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Raising awareness of doorstep crime

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Protect Yourself from Doorstep Crime

Police in the north east will be working with Local Authority Trading Standards Services and retail partners to raise awareness of doorstep crime and to promote how the public can protect themselves from becoming a victim of this type of offence.

This activity is in advance of, and in addition to, next month's annual national campaign, Operation Monarda, in order to correspond with the north east's own experience of when there is an increase in these crimes being reported.

There are two main types of doorstep crime - bogus callers and rogue traders.

Bogus callers try to get into a person's home or obtain personal details by pretending to be someone theyíre not, including council staff, charity collectors, meter readers and police officers. In reality, they are criminals trying to steal money and valuables.

Rogue traders usually cold-call, claiming to be workers offering services such as making repairs or carrying out work on a person's house, garden or driveway. In reality they charge inflated prices for poor quality or unnecessary work.

Doorstep crime can affect some of the most vulnerable members of local communities, with perpetrators targeting victims due to a perceived vulnerability, such as age, gender or disability. However, busy families, or those perceived to have money available, can also be selected as targets.

Police Inspector Colin Taylor said:

"We are delighted to again be working closely with partners and we are committed to reducing the number of incidents of doorstep crime and to keeping people safe.

"Next week our Crime Reduction Officers and Trading Standards Officers will visit DIY stores and supermarkets across the north east to speak to members of these communities about protecting themselves from doorstep crime and handing out leaflets of guidance.

"I would urge anyone who has close contact with potential victims - family, friends and carers - to watch out for suspicious callers or people at their doors, or any suspicious amounts of money disappearing. It is very important to pass on advice to friends, neighbours or family members who may be more likely to be targeted and provide them with the information and confidence to say no."

Wilma Urquhart, Aberdeenshire Council's Trading Standards Manager, said:

"These operations are extremely important in raising awareness of doorstep crime and Aberdeenshire Trading Standards are keen to work again with the police to help protect the residents of the north east.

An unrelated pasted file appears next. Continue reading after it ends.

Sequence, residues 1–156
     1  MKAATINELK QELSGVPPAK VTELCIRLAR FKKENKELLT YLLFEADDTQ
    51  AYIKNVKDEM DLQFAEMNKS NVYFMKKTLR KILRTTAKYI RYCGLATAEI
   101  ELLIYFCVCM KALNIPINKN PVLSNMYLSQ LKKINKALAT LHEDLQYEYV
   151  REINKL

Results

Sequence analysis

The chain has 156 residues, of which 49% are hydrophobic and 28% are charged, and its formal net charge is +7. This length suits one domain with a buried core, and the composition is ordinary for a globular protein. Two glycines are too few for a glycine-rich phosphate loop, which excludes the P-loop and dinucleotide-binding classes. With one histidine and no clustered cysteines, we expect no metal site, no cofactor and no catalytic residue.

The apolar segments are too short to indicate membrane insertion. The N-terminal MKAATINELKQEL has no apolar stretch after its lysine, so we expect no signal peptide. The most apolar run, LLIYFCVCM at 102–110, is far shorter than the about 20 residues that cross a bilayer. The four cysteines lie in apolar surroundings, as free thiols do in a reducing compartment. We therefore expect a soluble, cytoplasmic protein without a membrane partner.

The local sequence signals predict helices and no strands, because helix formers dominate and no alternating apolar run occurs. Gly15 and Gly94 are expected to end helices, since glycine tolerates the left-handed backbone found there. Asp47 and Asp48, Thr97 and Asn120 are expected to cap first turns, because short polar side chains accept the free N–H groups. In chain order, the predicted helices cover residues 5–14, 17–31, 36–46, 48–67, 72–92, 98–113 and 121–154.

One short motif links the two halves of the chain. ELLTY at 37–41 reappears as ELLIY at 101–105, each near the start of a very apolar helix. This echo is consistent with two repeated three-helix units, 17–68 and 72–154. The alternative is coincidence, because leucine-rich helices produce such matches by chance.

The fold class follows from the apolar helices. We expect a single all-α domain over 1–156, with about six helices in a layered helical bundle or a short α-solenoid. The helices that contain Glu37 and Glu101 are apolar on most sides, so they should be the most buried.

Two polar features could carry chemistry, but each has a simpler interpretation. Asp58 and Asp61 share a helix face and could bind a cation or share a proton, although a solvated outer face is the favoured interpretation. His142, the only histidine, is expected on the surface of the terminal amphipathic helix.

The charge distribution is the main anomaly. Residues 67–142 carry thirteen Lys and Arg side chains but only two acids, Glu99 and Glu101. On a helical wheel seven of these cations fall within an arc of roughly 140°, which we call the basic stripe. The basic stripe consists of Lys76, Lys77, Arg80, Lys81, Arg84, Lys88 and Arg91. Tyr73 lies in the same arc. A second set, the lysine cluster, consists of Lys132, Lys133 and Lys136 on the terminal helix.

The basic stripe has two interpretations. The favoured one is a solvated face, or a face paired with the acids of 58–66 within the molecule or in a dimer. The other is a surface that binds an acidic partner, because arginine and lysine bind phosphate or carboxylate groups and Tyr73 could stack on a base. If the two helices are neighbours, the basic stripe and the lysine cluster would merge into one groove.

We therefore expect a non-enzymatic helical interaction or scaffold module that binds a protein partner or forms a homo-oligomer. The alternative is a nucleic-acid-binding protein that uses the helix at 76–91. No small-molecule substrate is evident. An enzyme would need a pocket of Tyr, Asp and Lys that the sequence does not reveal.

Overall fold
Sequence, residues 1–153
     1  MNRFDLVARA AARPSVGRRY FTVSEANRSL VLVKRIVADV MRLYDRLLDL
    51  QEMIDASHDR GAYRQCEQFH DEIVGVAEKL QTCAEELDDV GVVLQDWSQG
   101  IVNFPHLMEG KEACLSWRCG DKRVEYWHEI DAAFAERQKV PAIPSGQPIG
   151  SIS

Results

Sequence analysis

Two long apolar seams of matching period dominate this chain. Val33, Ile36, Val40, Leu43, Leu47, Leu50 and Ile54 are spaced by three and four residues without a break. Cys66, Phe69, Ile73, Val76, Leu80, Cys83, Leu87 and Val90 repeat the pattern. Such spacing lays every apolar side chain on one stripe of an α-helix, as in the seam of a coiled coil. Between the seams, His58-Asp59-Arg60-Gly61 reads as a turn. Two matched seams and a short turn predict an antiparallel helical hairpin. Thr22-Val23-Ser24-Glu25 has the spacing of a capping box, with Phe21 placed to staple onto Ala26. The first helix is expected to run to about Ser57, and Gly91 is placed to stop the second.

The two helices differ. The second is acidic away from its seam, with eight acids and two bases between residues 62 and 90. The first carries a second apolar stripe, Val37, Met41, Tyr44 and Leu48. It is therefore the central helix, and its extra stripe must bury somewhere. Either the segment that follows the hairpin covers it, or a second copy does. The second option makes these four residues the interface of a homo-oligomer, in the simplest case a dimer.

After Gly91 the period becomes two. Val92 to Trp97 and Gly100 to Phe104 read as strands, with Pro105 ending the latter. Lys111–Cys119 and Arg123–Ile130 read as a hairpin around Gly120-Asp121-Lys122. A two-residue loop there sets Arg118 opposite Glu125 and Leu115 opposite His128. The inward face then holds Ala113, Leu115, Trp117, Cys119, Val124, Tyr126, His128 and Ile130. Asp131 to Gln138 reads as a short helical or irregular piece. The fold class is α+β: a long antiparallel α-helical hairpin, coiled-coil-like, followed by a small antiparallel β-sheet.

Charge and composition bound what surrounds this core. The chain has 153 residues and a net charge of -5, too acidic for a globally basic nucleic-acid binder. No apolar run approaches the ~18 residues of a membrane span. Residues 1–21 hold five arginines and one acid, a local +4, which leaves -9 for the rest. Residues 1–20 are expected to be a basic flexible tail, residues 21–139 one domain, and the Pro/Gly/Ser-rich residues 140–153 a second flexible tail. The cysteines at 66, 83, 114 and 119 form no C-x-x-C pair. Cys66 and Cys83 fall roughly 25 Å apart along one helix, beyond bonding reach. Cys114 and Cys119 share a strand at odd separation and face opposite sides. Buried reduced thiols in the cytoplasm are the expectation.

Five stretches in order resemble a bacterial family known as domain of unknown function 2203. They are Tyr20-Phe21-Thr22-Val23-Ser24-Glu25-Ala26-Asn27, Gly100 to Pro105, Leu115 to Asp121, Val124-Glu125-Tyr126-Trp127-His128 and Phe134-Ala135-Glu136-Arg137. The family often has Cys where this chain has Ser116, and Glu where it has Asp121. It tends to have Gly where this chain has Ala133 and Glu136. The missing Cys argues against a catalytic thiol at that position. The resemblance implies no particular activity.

"Weíre particularly keen to make sure people donít trade with workmen who turn up uninvited, without giving themselves time to get additional quotes and to speak to their friends and family before making a decision. We know that the elderly and vulnerable are often targeted repeatedly by rogue traders so we would also ask residents to help look out for their more vulnerable friends and neighbours."

Key advice for the public in dealing with doorstep crime:

  • Keep your front and back doors locked at all times and be on guard if someone turns up unexpectedly.
  • Use the door viewer or nearby window when answering the door and use (or fit) a door chain or bar.
  • Only let callers in if they have an appointment and you have confirmed they are genuine.
  • Always ask for identification badges of anyone you answer the door to, but donít rely on them. Identity cards can be faked Ė phone the company to verify their identity.
  • Some companies offer a password system. Ask your utility provider(s) if this can be used and if you have a password with a company make sure the caller uses it.
  • Never let people try to persuade you to let them into your home even if they are asking for help Ė they may not be genuine. If someone is persistent, ask them to call at another time and arrange for a friend or family member to be with you.
  • Never agree to pay for goods or give money to strangers who arrive at your door.
  • Donít keep large amounts of money in your home.
  • Donít feel pressurised into agreeing to immediate work or buying a product or service.
  • Donít agree to buy from the first person who calls.
  • Donít pay cash up front or offer to go and get money.
  • Shop around and get a few quotes if you decide you need work done and ask for recommendations from friends and family.
  • Ask what your cancellation rights are.

Crime Reduction/Trading Standards personnel will be present for a period during the day at the following locations:

  • Tuesday 10 April at ASDA, Edgar Road, Elgin
  • Wednesday 11 April at ASDA, Watermill Road, Fraserburgh and at B&Q, Garthdee Road, Aberdeen
  • Thursday 12 April at Tesco, Hill of Banchory, Banchory
  • Friday 13 April at Sainsbury's, Garthdee Road, Aberdeen

Further advice and a video regarding doorstep crime can be found on the Police Scotland website.

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